Learning More about Summertime Crappie

Learn Why Alabama’s Aliceville Lake Is a Fall and...

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Know When to Fish Rivers or Lakes for Crappie

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Editor’s Note: When we think about great places to fish for crappie and to hunt, we often think of state lands, U.S. National Forest lands (https://www.fs.fed.us/) and the Bureau of Land Management (https://www.blm.gov/) properties. But there are thousands of acres of land you can hunt and remote places to fish in most states that the U.S. Army Corps of Engineers (https://www.usace.army.mil/) owns. Contact the Department of Fish and Wildlife in your state, the U.S. Forest Service, the Bureau of Land Management and the U.S. Army Corps of Engineers to learn of remote places you can hunt and fish for free or nearly free near where you live. Central/west Alabama and most of Alabama near the Mississippi border are probably the least-fished waterways in Alabama. Few people know about them, they’re not near any population centers, and there’s plenty of other waters you can fish closer to home. Many states home waters like these. However, that’s the reason that Gainesville and Aliceville lakes are two of the best crappie lakes in Alabama. Another interesting fact about these two lakes is they have a large volume of backwaters, and from October through February each year, the crappie generally will hold in 4-8 feet of water, since the backwaters stay warmer all year long than the main river does. To get the best information on how, where and when to catch crappie on Aliceville Lake this month, I went to the source that should have and does have some of the best fishing information on this reservoir – Chris McKee (205-339-5716, [email protected]), the district fisheries biologist for District III, which includes the Tombigbee and the Warrior rivers down to Demopolis.

McKee is much like the Maytag repair man. He’s one of the loneliest fisheries biologists in the state. “I only may get one or two calls per year from anglers wanting to know where they can fish at different times of the year at Aliceville and Gainesville and catch crappie. I’ll mark a map to show them where I know some of the best crappie fishing in Alabama to be in these areas.” I met up with Chris and his wife Kasie (who’s also a fisheries biologist) on Aliceville Lake in early October, and in only three hours of fishing, they had a nice stringer of slab crappie.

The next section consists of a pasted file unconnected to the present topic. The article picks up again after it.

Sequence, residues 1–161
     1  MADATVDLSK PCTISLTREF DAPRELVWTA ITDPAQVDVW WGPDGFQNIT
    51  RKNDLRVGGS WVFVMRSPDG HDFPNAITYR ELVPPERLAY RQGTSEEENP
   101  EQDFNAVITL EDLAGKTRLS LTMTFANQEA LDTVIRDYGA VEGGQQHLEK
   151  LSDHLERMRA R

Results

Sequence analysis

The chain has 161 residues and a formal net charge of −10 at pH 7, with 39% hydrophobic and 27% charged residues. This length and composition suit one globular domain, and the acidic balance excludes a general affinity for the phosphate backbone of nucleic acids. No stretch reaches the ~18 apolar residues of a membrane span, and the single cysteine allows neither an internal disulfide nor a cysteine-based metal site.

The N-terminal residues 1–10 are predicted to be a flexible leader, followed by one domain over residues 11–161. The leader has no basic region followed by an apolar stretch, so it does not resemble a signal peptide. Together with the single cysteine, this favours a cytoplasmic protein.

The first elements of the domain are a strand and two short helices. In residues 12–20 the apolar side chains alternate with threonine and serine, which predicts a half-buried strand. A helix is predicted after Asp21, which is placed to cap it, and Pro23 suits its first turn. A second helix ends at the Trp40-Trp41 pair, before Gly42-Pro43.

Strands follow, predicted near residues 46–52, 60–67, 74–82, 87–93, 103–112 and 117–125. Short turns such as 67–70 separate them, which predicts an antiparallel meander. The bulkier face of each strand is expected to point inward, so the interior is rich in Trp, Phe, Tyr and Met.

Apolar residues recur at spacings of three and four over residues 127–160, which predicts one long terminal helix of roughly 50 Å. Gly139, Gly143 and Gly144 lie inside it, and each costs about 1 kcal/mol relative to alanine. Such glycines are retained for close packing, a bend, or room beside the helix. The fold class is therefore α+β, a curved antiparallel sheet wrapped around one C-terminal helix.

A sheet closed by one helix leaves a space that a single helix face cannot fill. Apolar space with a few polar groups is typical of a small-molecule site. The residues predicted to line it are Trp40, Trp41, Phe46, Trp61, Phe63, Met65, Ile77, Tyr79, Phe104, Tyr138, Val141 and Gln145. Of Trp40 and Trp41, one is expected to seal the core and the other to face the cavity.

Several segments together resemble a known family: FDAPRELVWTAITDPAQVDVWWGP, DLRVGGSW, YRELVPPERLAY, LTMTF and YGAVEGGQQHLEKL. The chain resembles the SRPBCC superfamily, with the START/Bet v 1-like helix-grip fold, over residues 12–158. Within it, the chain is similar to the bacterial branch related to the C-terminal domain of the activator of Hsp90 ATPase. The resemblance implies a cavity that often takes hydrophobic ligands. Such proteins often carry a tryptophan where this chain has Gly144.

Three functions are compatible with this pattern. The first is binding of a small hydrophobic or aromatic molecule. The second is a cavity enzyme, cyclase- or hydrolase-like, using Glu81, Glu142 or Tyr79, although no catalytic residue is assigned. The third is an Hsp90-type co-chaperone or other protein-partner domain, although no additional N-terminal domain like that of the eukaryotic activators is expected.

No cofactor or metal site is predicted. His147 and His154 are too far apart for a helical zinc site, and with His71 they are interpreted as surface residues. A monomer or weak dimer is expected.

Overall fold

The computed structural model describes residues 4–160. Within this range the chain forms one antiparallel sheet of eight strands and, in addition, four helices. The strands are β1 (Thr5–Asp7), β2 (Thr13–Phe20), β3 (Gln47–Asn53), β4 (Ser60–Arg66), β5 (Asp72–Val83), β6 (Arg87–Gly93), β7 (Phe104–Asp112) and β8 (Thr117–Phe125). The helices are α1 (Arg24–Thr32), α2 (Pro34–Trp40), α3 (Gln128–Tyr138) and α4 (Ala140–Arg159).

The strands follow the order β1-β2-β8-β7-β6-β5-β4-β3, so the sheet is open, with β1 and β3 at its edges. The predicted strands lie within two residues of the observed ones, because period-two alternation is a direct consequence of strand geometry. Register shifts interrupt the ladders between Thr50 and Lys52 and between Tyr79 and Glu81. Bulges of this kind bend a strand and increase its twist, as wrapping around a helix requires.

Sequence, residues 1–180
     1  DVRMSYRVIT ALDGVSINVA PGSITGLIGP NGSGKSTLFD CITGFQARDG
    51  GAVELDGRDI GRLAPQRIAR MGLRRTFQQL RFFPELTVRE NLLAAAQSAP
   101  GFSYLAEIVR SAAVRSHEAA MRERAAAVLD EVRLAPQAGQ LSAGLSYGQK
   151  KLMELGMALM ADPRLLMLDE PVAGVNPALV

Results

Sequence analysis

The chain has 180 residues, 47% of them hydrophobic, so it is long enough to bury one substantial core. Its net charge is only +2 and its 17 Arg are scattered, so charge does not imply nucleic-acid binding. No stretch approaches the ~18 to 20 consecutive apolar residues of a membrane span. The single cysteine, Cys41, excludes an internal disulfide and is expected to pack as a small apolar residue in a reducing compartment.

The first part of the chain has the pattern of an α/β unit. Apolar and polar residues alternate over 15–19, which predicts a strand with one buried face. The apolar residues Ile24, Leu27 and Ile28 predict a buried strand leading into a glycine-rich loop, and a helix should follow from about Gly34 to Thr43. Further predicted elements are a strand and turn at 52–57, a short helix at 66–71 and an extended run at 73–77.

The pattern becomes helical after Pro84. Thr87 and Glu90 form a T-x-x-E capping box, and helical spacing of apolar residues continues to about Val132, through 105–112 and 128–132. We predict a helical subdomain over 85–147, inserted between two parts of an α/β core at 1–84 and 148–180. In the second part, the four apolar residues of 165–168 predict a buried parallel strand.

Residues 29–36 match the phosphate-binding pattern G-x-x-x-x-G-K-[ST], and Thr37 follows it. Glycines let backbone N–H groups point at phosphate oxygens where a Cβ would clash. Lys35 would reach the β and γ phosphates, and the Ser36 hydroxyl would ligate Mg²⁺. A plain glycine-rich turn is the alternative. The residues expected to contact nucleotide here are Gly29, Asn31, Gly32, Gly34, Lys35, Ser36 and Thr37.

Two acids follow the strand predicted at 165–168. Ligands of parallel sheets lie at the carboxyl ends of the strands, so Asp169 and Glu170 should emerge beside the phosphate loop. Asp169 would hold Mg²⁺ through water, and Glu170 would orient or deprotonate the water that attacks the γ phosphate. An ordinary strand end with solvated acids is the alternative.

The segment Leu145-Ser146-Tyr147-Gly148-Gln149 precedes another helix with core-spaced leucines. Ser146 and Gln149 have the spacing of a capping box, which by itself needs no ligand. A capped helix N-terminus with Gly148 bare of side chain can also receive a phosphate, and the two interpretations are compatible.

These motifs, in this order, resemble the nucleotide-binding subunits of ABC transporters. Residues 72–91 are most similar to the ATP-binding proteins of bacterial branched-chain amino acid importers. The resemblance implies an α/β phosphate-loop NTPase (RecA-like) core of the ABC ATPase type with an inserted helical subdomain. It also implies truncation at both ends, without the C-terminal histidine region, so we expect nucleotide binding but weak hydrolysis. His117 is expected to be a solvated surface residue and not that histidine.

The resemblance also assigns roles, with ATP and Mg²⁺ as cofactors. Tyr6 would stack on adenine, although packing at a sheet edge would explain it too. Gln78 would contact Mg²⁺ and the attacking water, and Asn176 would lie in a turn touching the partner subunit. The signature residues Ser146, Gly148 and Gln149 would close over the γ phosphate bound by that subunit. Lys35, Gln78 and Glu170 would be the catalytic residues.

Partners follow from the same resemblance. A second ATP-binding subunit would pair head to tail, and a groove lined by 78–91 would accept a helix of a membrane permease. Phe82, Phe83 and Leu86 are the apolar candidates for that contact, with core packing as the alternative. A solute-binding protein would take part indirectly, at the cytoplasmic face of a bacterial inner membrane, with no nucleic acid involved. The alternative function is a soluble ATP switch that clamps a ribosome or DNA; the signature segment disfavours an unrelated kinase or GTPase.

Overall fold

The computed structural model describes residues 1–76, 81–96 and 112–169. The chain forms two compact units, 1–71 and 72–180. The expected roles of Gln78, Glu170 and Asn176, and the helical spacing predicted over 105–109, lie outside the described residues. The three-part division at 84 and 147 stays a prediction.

River Fishing Versus Lake Fishing:

Both the Tombigbee and the Warrior are major river systems that flow through much of rural west Alabama, and I wanted to know the difference between fishing a river system and fishing lakes where most crappie anglers fish.

“Current’s the main difference,” Chris McKee says. “So, fishing the river when the water’s up, and the current’s running strong can make crappie fishing a little difficult for most anglers. However, here on Aliceville we have plenty of backwaters with some 12-15 feet deep and others only 3-5 feet deep. The crappie start moving into the backwaters when the temperature is about 70 degrees. The crappie hold in the backwaters all year long. Once we get a big rain event, the river comes up, and the water gets muddy, that’s when the backwaters really seem to produce the most crappie. From October to usually June is when you’ll find some of the best crappie fishing in the backwaters here at Aliceville.

“In the summer months when the water at Aliceville is low, the crappie move to the main river to find deeper water. When the water’s down on Aliceville, and you don’t have much current, then fishing the main river for crappie is usually much productive than fishing the backwaters.”

To learn more about crappie fishing, check out John E. Phillips’ book, “Crappie: How to Catch Them Fall and Winter,” available in Kindle and paperback at http://amzn.to/16AzIZi. For a free eBook, “The Crappie Catcher’s Cookbook,” go to https://www.emailmeform.com/builder/form/eb81136oQJ1g2fe9q6RNd73jh.

Tomorrow: Learn Why Alabama’s Aliceville Lake Is a Fall and Winter Crappie Hot Spot and How Deep to Fish There

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